I thought this was a very interesting development and step forward, but regarding us as individuals, this big data has to a large extent begun to control social life. Social information controls the channels through which we obtain information and establishes a connection between us and society.

Then when we allow our imaginations to unfold, the word I would probably use is vigilance (警惕). I hope everyone will be alert to all kinds of expressions that appear in the name of big data. I hope everyone will be wary of the emergence of big data as a means of forming societal surveillance. I hope everyone is wary of the limitations imposed by big data on our lives. That is, there’s that fashionable term that everyone uses called "information cocoons."

An info box pops up on screen: Information Cocoons [信息茧房] refers to the phenomenon that people are habitually guided by their own interests in the area of ​​information that people pay attention to, thus shackling their lives in a "cocoon" like a silkworm cocoon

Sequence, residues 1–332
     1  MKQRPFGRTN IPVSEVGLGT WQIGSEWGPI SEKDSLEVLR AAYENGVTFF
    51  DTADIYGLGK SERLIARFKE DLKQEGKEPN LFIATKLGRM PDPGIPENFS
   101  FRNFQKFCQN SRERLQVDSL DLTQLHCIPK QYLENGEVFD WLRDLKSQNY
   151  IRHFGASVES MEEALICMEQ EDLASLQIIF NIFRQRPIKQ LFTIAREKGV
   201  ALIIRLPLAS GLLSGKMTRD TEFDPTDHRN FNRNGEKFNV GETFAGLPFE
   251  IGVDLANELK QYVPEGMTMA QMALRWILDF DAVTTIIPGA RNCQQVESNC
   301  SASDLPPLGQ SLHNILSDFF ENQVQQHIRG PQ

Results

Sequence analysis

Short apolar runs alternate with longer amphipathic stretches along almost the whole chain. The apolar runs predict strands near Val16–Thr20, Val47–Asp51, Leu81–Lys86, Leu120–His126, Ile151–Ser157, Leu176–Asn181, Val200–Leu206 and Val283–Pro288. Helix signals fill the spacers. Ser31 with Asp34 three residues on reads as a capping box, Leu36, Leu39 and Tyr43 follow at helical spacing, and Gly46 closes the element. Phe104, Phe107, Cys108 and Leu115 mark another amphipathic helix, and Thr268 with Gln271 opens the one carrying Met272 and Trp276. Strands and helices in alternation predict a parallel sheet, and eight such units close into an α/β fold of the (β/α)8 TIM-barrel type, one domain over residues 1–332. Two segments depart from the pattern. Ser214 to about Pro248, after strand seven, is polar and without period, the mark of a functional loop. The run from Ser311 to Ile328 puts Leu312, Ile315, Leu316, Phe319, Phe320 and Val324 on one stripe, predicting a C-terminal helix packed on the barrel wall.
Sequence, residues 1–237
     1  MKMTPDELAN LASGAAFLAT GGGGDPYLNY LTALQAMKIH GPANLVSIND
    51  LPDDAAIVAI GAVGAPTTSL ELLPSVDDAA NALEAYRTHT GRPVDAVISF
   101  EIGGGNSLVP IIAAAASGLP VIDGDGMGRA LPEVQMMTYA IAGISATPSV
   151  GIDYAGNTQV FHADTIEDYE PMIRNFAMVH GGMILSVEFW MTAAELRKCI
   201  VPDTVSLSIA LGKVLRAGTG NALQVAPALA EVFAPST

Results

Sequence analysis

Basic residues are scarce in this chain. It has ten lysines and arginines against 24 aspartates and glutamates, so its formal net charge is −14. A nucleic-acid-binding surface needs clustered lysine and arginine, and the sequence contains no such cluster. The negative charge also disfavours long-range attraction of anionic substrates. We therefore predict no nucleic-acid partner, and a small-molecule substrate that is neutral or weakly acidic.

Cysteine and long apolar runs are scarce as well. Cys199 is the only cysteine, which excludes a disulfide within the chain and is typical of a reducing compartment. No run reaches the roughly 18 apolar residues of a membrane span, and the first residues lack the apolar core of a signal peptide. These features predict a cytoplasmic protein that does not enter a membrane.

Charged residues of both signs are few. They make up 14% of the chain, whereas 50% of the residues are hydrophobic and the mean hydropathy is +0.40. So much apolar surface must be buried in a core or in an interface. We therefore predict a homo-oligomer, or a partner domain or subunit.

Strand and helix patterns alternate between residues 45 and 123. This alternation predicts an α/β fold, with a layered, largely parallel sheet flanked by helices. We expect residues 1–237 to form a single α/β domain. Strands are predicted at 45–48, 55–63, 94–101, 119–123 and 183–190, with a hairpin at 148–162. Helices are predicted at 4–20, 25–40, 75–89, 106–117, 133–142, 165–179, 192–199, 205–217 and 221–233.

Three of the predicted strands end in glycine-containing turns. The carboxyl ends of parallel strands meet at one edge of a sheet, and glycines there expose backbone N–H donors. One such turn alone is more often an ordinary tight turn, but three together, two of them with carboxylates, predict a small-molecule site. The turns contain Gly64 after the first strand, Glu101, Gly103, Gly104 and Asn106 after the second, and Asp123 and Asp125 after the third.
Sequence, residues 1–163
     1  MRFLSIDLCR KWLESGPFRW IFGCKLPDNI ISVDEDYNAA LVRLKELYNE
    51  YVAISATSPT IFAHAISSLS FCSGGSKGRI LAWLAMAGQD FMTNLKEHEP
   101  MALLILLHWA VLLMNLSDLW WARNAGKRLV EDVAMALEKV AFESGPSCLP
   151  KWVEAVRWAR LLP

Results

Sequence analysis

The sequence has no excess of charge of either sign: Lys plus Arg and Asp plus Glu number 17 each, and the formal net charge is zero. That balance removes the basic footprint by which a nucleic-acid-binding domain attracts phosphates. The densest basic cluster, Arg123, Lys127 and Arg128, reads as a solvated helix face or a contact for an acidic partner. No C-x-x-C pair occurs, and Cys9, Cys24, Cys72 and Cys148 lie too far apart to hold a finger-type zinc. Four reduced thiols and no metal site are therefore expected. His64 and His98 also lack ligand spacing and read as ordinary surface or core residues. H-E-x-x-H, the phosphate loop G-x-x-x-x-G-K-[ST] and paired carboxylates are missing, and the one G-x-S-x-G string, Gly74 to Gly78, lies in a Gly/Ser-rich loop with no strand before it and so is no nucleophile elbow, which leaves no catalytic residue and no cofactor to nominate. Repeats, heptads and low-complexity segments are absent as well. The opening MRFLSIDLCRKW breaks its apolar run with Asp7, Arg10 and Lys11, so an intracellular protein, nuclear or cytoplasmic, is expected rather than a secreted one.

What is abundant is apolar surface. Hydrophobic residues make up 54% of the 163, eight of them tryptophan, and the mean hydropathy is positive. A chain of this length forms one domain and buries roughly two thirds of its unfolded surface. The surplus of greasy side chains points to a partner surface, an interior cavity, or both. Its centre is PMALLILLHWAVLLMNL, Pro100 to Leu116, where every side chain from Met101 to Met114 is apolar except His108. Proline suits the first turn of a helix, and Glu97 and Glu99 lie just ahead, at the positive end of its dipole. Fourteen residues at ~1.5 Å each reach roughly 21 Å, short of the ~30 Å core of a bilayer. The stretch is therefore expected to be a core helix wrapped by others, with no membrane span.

In fact, in my understanding, the information cocoon has at least two aspects that will create our problems. In one aspect, the so-called information cocoon is that we set our own limits within its range of choices because we try to pursue a kind of knowledge that we are familiar with. Then, our pursuit of knowledge is not to gain knowledge and development. We pursue knowledge for repetition, verification, and assurances of safety. At this time, we have formed an information cocoon by ourselves because we don’t want to cut into knowledge we don’t know. We don’t want to intersect with online information that makes us unhappy.

This is one aspect. At this time, I say that no matter what big data tells you, we still have to work hard to explore, to obtain knowledge. But on the other hand, what kind of information is delivered based on big data, like personalized customization — these so-called special projects that supposedly serve you. Yet in fact, they must inevitably delineate a boundary. The inevitably mark out a limit. This inevitably make us willing to become like the Monkey King sleeping peacefully in a small position in the hands of the Buddha.

We sleep in that small position and think we possess the whole world. We think that the world is our comfortable rocking chair.

But the world does not become better because we live safely in the information cocoon, nor because we have constructed this information cocoon by ourselves. Everything in the world is happening. There are many catastrophic things happening. We need to know about and recognize them.